The Toronto Blue Jays are still searching for answers in one specific corner of their bullpen. Beyond Brett Cecil, no left-hander has stepped forward to claim a long-term spot on the 25-man roster. Cecil hasn’t been dominant himself, but at the very least, his playoff spot is secure.
On Saturday, I wrote that Francisco Liriano could be the Blue Jays solution to the problem, even despite his rocky bullpen debut last night in Tampa Bay. The two-pitch combination and raw velocity are there for Liriano to excel in short bursts, which he certainly can do, but his inconsistency makes it a risky play.
Beyond Liriano, the Blue Jays could also end the season the same way they opened it: by calling a right-hander their second left-hander.
Danny Barnes is back up with the Blue Jays after a three-game stint in early August. The 26-year-old reliever allowed two runs in four innings, striking out five, but has deserved a longer look for months given his fantastic minor league numbers.
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After posting a 1.01 ERA in 24 appearances with the double-A New Hampshire Fisher Cats, Barnes made the jump to triple-A and was nearly untouchable. With Buffalo, Barnes dominated with a 0.35 ERA over 25.2 innings pitched.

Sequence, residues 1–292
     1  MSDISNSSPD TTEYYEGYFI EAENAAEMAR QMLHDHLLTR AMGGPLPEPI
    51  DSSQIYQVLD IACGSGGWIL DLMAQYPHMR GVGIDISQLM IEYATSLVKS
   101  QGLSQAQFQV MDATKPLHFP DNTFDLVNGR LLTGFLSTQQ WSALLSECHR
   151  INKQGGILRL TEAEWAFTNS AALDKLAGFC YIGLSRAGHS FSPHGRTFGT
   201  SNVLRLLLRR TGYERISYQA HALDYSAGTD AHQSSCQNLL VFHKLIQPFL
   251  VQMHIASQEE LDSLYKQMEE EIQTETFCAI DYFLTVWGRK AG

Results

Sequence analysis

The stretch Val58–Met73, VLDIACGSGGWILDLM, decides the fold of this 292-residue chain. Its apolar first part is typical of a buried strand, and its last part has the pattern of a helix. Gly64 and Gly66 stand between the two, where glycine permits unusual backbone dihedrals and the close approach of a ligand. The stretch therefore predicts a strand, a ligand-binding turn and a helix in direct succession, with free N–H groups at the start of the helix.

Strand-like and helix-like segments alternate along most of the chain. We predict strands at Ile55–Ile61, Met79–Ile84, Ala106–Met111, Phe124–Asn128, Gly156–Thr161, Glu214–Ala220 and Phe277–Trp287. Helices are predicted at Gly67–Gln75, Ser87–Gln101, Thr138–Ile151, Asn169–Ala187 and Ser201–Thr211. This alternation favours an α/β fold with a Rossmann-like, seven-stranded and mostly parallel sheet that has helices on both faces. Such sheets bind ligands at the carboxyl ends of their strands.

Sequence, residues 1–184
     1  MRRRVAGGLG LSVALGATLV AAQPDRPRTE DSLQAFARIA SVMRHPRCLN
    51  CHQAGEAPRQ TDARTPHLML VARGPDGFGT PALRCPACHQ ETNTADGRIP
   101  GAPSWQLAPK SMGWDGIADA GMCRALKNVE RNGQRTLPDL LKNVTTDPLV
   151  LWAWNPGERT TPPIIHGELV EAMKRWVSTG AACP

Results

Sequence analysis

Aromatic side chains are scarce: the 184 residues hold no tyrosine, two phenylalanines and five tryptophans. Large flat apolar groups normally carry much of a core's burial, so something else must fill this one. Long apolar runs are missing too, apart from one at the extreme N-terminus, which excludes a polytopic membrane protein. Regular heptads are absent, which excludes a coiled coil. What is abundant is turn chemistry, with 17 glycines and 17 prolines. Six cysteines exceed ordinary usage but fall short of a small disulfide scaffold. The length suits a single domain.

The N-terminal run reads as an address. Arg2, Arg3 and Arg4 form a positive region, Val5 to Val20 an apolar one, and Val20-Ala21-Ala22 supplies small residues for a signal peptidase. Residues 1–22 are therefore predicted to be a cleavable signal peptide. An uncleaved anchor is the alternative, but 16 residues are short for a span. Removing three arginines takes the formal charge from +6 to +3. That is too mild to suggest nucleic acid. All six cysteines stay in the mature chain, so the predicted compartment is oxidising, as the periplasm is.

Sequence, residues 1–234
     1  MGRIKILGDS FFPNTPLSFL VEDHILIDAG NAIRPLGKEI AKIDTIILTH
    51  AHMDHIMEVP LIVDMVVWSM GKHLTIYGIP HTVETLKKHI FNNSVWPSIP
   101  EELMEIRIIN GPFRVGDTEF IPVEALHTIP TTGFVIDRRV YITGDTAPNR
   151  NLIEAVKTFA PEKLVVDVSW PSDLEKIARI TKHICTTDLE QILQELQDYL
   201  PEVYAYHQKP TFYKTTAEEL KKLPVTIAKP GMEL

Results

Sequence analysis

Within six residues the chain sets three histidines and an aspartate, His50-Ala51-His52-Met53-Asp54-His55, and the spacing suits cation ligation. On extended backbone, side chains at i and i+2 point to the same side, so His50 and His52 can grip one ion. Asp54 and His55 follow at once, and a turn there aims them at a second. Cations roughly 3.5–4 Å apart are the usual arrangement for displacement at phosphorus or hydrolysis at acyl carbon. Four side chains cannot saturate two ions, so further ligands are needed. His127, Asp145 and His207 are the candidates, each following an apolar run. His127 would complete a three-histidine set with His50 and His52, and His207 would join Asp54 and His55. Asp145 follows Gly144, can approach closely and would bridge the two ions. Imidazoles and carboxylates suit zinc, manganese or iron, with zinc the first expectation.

What’s even more important, though, is his success against left-handed hitters this year. This is something that’s closely linked to his excellent changeup, which disturbs the timing of all hitters.
In 40 at-bats versus left-handed hitters in 2016 at the triple-A level, Barnes allowed just one hit. Furthermore, he struck out 20 of them. Between both levels this season (112 plate appearances), Barnes held left-handed batters to a slash line of .093 / .125 / .157 (.282 OPS).
These numbers don’t align with Barnes’ career numbers, though. In 2015 he had nearly even splits and in 2014 lefties hit him very well, so is this breakout 2016 a sign of things to come or an outlier that is due for regression?
Frankly, with no more than two months remaining in the season, that answer doesn’t matter for the Blue Jays’ purposes. Toronto needs to find one burst of strong pitching against left-handed batters, even if that comes from a right-hander.
This idea shows itself in Brett Cecil, too. At this point in the season, his excellent track record and the reasons to be optimistic for a turnaround matter very little. Small sample sizes are allowed some room in the conversation this late in the season, because that’s what the Blue Jays need: a small sample size of good relief pitching.
If that can be Barnes, and the former 35th-round pick can be the unexpected plug in the long-present hole, then that’s one less weakness in the Blue Jays’ armour. Barnes and Liriano could co-exist in the playoff bullpen, too, with Liriano having the ability to piggyback a struggling starter for several innings.